Other popular ‘yield farming’ tools include Furucombo (COMBO), Cream (CREAM), etc.
On-chain lending and borrowing was the first massively adopted use-case for DeFi. Such systems offer their users to collateralize their tokens in order to obtain a loan - or to provide liquidity for borrowing. This type of service provides plenty of methods to benefit from crypto price movements.
One of the best and most truthful lending ecosystems is Aave Protocol (AAVE). Its native core asset demonstrated triple-digit gains in July-August, 2020. Thus, AAVE was among the top beneficiaries of DeFi euphoria.
Compound Protocol (COMP) by Robert Leshner is one of the oldest DeFis and pioneered several concepts in the decentralized lending segment.
Top DeFi-focused blockchains
Because DeFis are actually the combinations of smart contracts, they need a programmatic blockchain as a technical basis. The main players on this market are Ethereum (ETH), Binance Smart Chain (BSC), Tron (TRX) while Cardano (ADA) has its smart contract release in sight.
Launched in 2015, Ethereum (ETH) is a pioneer of smart contract platforms. Thus, all early decentralized applications utilized this network for their computations.
Now it hosts 161 DeFis out of 420 registered by DappRadar explorer or more than 38,3%. Despite its supremacy, Ethereum (ETH) is often criticized for enormous fees, low speed of transactions and mediocre computational bandwidth.
Also, it is still unclear how all Ether-based DeFis would migrate to Ethereum 2.0 Proof-of-Stake sharded model once it launches.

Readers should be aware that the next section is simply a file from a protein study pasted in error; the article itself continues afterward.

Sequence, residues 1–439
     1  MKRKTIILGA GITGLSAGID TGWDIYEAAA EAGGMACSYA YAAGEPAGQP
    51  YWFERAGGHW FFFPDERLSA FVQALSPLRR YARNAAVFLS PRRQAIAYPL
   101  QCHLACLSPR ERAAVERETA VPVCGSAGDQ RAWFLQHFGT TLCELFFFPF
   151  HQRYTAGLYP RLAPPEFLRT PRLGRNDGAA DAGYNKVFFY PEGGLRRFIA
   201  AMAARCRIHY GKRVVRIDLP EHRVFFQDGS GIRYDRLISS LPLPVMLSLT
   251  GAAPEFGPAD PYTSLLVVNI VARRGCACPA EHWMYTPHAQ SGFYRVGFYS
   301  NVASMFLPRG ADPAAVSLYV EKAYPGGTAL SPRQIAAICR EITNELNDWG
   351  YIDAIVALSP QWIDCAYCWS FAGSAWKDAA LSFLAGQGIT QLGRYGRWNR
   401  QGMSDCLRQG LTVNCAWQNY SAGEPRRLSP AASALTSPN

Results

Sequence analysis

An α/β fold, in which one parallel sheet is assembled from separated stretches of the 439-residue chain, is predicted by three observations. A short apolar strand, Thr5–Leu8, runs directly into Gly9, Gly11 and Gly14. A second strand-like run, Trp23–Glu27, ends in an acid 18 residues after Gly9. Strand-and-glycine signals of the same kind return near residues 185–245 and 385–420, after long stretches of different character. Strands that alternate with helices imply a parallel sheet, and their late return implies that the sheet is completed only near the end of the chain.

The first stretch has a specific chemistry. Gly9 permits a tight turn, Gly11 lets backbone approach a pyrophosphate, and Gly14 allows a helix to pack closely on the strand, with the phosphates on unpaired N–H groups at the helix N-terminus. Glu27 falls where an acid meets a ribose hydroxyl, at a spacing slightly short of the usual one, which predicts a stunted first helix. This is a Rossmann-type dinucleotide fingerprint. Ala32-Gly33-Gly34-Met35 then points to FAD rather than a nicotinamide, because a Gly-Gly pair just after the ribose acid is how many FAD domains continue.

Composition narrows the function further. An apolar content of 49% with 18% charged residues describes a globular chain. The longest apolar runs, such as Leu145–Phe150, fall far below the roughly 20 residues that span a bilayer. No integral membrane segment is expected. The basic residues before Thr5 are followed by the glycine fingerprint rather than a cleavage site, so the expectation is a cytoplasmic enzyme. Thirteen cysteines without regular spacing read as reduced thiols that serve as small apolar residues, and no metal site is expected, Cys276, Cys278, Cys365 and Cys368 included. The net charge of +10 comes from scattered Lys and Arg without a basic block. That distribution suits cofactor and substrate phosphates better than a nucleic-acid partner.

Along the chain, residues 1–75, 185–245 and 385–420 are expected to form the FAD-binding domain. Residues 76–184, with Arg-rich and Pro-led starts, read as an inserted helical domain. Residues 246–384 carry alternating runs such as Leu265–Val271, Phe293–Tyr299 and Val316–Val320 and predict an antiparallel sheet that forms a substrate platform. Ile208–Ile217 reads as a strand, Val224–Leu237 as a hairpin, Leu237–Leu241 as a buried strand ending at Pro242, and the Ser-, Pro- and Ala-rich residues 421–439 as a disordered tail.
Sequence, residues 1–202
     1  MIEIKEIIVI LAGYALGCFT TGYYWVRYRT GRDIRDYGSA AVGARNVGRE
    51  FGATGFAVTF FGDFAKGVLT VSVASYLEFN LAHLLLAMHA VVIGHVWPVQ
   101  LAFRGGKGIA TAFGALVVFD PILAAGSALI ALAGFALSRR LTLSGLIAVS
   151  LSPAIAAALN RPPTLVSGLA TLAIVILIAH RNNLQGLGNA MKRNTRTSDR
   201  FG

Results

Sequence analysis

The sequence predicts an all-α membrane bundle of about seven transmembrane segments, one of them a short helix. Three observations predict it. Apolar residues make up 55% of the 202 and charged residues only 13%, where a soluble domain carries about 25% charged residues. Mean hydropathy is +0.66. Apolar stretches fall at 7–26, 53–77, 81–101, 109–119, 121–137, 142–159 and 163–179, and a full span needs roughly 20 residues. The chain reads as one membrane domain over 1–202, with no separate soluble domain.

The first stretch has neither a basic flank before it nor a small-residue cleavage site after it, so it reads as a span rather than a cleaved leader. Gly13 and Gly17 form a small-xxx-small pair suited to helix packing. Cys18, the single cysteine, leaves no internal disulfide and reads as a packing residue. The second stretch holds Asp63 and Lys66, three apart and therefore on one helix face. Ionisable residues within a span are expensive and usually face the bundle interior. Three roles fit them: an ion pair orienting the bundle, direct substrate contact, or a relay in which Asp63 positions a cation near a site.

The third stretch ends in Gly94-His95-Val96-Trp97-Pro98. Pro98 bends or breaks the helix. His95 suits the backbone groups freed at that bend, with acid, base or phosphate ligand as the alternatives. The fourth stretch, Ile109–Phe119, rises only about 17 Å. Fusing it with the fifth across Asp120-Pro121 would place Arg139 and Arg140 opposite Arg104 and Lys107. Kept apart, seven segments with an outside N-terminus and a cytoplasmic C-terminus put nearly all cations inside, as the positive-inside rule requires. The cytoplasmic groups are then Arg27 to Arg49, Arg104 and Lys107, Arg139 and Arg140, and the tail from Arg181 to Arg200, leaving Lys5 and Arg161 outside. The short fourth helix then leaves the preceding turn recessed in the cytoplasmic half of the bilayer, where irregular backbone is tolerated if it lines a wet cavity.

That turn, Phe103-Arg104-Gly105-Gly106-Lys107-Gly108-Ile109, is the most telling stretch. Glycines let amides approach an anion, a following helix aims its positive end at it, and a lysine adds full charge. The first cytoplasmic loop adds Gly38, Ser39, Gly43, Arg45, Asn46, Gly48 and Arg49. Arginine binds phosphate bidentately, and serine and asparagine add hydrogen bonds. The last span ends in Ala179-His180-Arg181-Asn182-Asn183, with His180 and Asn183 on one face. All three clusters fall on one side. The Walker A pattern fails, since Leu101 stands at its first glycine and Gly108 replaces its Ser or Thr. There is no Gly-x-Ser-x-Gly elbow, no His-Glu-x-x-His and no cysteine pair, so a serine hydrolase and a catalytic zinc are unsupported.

Binance Smart Chain
Binance Smart Chain or BSC is Ethereum-compatible (it takes a few hours for dApp to migrate from Ethereum to BSC) smart contracts environment rolled out in 2020 by Binance, a world-leading crypto exchange.
Its transactions are secured by 21 validators. In 2021, the dApp owners tired of endless Ethereum congestion started to transfer their applications to Binance Smart Chain. It has low fees and reasonable bandwidth.
The main point of criticism against Binance Smart Chain is its alleged centralization. Skeptics insist that Binance subsidizes transaction fees on BSC to keep them surprisingly low. Also, Binance is accused of retaining control over all 21 validators.
Launched by Justin Sun, founder of Tron Foundation and CEO of BitTorrent, Tron blockchain also hosts many decentralized applications. 71 of them belong to the DeFi segment.
At the same time, Tron hosts many high-risk services, decentralized gambling tools and Ponzi schemes.
Cardano: Approaching DeFi segment
Cardano (ADA), a high-performance Proof-of-Stake blockchain is going to release its smart contract environment in Q1, 2021. Many developers are waiting for the roll-out of Cardano’s (ADA) Goguen era to deploy their smart contracts.
Input Output HK, a software studio behind Cardano (ADA), managed to gather a strong community around its workflow. So, this blockchain may be a top ‘black horse’ of the DeFi race.
In a nutshell, decentralized financial applications are a class of basic banking services launched on blockchains. DeFis utilize the combinations of smart contracts to perform simple operations with tokens.
People are attracted to this segment due to the brilliant performance of DeFi native assets and the opportunities to earn on passive crypto holdings.